remain under legal obligation to comply with such
order passed by the Court under Section 17-B of the
Act in favour of the employee. To put it in short, an
order passed under Section 17-B of Act does not
merge with the final order passed in the appeal and
11
being an independent order, it remains alive for
enforcement.
21. As mentioned above, it is not disputed that the
Corporation has not yet complied with the order
dated 04.05.1999 much less in letter and spirit.
22. We have examined the matter keeping in view
the nature of controversy, long pendency of the
case, nature of interim order passed by this Court,
offer made by the Corporation for settlement and
the sum payable to the applicant under various
heads etc.
23. We have also worked out the amount payable
to the applicant pursuant to the order dated
04.05.1999 under different Heads, such as monthly
salary, its arrears, leave encashment, gratuity,
bonus, interest, if held payable, on the entire sum
at a reasonable rate from 04.05.1999.
24. Having examined the matter and taking into
consideration the aforementioned several relevant
12
factors, we are of the considered view that the
applicant is held entitled to claim from the
Corporation a total sum of Rs.7,50,000/- (Seven
Lakhs Fifty thousand) towards all his claims arising
out of his employment dispute with the Corporation
in full and final settlement pursuant to the order
dated 04.05.1999.
25. In other words, the Corporation will pay a sum
of Rs.7,50,000/- (Seven Lakhs fifty Thousand) to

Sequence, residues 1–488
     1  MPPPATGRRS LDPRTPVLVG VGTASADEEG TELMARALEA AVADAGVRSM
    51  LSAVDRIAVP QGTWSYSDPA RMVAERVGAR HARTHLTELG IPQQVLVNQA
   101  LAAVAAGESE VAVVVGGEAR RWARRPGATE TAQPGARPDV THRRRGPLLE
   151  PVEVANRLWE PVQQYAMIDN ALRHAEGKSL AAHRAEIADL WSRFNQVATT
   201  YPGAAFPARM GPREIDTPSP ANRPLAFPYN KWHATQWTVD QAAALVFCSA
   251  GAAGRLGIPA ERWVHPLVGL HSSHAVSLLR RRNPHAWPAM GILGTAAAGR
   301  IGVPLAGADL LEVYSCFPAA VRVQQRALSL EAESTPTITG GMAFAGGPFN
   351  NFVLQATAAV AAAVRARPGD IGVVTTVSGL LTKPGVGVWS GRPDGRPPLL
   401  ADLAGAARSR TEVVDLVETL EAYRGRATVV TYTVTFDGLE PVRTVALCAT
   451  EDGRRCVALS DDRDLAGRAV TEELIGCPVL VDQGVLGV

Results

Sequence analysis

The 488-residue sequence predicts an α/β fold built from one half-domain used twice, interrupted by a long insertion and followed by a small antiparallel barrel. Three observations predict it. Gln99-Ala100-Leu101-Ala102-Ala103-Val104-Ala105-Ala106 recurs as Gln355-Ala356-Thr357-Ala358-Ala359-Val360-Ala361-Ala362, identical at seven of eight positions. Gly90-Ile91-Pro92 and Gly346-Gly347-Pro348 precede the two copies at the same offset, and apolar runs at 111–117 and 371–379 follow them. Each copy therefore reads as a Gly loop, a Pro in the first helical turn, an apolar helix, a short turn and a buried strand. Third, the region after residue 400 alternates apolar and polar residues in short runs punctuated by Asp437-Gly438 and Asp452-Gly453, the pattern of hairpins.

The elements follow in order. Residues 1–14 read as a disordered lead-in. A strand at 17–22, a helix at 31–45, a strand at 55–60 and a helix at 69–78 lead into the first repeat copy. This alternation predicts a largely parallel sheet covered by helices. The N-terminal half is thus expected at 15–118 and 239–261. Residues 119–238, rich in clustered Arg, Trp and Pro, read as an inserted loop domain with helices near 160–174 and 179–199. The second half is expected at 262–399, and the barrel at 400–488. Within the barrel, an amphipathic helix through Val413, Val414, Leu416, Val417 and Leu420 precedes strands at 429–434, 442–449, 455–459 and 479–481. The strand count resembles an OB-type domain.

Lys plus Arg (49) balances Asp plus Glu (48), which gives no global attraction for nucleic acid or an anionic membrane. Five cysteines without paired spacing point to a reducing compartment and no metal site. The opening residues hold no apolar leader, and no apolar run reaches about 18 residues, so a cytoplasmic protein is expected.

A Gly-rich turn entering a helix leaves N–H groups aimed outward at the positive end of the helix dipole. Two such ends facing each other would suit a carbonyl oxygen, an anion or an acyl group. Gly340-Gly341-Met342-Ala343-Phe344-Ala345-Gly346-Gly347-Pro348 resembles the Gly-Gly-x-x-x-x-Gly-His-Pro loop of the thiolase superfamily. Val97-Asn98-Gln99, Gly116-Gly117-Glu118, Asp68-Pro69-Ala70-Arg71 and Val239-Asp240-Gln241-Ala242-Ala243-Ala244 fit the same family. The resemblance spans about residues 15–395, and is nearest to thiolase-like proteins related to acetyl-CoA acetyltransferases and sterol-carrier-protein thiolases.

the applicant (employee) towards the applicant's all
monetary claims in relation to his employment
dispute with the Corporation in full and final
settlement.
26. It is stated at the bar that the applicant is in
occupation of the Corporation quarter, which had
been allotted to him by virtue of his employment. If
that be so, the applicant will vacate the quarter
within three months from the date of this order as
an outer limit.
13
27. On applicant’s vacating the quarter within the
time fixed by this Court, the Corporation will
accordingly pay to the applicant Rs.7,50,000/- by
demand draft within one week from the date of
vacating the quarter.
28. With these directions, the contempt petition
stands disposed of. Rule Nisi, if issued, stands
discharged against the alleged contemnor.

………...................................J.
 [R. K. AGRAWAL]

…...……..................................J.
 [ABHAY MANOHAR SAPRE]
New Delhi;
February 23, 2018 

No comments:

Post a Comment

Note: Only a member of this blog may post a comment.